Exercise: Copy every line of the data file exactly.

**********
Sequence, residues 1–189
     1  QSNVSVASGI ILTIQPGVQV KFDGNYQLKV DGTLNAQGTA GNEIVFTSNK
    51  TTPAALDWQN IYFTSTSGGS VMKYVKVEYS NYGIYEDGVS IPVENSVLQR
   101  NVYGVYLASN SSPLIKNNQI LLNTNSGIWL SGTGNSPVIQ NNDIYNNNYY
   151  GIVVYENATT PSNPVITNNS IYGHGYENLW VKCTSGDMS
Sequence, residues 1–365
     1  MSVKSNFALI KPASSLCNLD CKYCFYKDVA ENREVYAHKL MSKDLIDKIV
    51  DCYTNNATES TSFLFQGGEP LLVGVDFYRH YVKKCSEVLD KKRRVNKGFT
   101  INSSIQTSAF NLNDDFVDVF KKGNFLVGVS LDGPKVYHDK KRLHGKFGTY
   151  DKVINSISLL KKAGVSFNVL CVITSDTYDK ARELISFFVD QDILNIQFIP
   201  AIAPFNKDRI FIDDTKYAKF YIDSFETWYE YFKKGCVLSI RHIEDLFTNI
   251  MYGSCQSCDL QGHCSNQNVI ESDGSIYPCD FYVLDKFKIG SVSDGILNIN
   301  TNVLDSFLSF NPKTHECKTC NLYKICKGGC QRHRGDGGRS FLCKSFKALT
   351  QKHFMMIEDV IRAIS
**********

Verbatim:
Sequence, residues 1–189
     1  QSNVSVASGI ILTIQPGVQV KFDGNYQLKV DGTLNAQGTA GNEIVFTSNK
    51  TTPAALDWQN IYFTSTSGGS VMKYVKVEYS NYGIYEDGVS IPVENSVLQR
   101  NVYGVYLASN SSPLIKNNQI LLNTNSGIWL SGTGNSPVIQ NNDIYNNNYY
   151  GIVVYENATT PSNPVITNNS IYGHGYENLW VKCTSGDMS
Sequence, residues 1–365
     1  MSVKSNFALI KPASSLCNLD CKYCFYKDVA ENREVYAHKL MSKDLIDKIV
    51  DCYTNNATES TSFLFQGGEP LLVGVDFYRH YVKKCSEVLD KKRRVNKGFT
   101  INSSIQTSAF NLNDDFVDVF KKGNFLVGVS LDGPKVYHDK KRLHGKFGTY
   151  DKVINSISLL KKAGVSFNVL CVITSDTYDK ARELISFFVD QDILNIQFIP
   201  AIAPFNKDRI FIDDTKYAKF YIDSFETWYE YFKKGCVLSI RHIEDLFTNI
   251  MYGSCQSCDL QGHCSNQNVI ESDGSIYPCD FYVLDKFKIG SVSDGILNIN
   301  TNVLDSFLSF NPKTHECKTC NLYKICKGGC QRHRGDGGRS FLCKSFKALT
   351  QKHFMMIEDV IRAIS